As we move into the second quarter of 2019, leading banks will be hoping for a reprieve from the first quarter. JPMorgan said in late February that its sales and trading revenues were down in the "high teens" in percentage terms compared to the start of 2018. Analysts at KBW agree that banks' Q1 fixed income trading revenues will be down anything from 3% (Goldman Sachs) to 16% (JPM) and that equities revenues will be down anything from 1% (HSBC) to 16% (BNP Paribas) over the same period. The second quarter had better be good.
What if it's not? Market intelligence firm Tricumen has just issued some new data on which banks could be swimming naked when the revenue tide goes out. It's not entirely pretty. Some are far fatter than others.
In fixed income, currencies and commodities (FICC) trading, Tricumen suggests Deutsche Bank has a problem. The chart below shows the comparative cost-income ratios in FICC at 10 leading banks for 2018. Tricumen says Deutsche is by far the worst, followed by BNP and Morgan Stanley.
Comparative cost income ratios, 2018, FICC
Guess who's cost a problem in equities trading? Yes, it's Deutsche Bank (which allegedly lost $750m in equities last year) again. Tricumen says Deutsche's cost-revenue ratio was awful compared to other banks in 2018. After Deutsche, Morgan Stanley and Bank of America Merrill Lynch (now known as Bank of America Securities) are the most encumbered.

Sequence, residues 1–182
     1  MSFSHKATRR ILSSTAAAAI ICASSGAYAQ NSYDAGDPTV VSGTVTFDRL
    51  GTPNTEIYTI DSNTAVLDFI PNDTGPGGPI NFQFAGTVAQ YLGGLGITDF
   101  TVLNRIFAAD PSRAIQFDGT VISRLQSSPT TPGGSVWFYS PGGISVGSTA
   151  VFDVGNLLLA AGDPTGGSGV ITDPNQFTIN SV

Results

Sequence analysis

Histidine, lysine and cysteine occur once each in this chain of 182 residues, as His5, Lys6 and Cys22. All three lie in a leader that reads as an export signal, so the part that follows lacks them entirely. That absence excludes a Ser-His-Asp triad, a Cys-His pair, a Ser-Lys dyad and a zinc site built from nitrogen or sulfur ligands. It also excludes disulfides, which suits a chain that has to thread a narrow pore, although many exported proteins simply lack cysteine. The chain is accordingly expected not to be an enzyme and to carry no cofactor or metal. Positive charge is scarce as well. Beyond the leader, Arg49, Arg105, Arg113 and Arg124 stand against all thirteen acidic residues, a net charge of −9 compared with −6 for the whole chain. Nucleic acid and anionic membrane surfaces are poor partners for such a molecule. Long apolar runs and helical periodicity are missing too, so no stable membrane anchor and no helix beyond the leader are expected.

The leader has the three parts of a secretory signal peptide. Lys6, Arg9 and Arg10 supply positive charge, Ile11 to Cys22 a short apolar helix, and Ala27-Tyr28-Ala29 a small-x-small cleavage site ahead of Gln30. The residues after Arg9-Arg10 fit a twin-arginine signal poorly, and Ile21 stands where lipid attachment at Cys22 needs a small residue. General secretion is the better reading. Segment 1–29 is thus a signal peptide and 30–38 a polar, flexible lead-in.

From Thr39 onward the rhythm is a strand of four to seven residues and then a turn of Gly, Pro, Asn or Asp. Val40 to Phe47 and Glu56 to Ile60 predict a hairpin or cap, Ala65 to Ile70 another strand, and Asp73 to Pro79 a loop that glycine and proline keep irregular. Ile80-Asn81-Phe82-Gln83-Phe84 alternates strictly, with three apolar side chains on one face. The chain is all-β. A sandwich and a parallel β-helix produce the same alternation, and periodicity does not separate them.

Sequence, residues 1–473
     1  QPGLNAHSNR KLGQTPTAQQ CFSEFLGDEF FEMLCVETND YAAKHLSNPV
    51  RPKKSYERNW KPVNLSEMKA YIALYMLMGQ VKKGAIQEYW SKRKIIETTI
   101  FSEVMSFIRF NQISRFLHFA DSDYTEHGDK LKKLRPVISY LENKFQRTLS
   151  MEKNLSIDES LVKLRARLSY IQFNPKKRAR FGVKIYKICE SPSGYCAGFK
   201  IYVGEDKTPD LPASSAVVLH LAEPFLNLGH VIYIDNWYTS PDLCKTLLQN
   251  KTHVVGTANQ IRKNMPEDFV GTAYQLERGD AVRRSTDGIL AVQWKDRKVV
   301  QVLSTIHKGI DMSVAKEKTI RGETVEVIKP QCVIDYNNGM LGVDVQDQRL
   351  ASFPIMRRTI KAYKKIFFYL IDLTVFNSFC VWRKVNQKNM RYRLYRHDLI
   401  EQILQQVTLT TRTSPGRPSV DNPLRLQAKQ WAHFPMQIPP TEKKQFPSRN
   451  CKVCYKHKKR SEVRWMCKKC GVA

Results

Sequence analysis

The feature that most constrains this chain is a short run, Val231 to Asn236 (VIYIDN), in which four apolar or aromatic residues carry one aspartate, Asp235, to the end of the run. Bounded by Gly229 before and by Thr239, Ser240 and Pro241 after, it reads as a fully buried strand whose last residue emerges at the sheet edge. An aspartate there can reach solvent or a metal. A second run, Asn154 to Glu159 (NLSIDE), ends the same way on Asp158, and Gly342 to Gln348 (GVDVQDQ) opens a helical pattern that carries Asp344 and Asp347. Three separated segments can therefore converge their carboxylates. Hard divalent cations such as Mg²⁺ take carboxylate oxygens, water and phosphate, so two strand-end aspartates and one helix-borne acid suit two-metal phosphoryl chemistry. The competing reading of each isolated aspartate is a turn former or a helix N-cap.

Comparative cost income ratios, 2018, equities
Comparative cost income ratios, 2018, banking
Lastly, Tricumen took a look at the comparative cost income ratios for banking divisions in 2018. It defines 'banking' as: debt capital markets bonds and loans, securitisation, equity capital markets, and M&A (ie. the traditional investment banking division or IBD). Here, it's not Deutsche Bank that's overweight (surprise!), but Credit Suisse and UBS. Deutsche is on a par with Barclays.
If you've been looking carefully, it may not have escaped your attention that JPMorgan's investment bank seems in particularly good shape for 2019. Its cost ratio is one of the best in every market. Not for nothing did Daniel Pinto say recently that JPMorgan's fixed income returns are “very high." And the same seems to apply to every other area.
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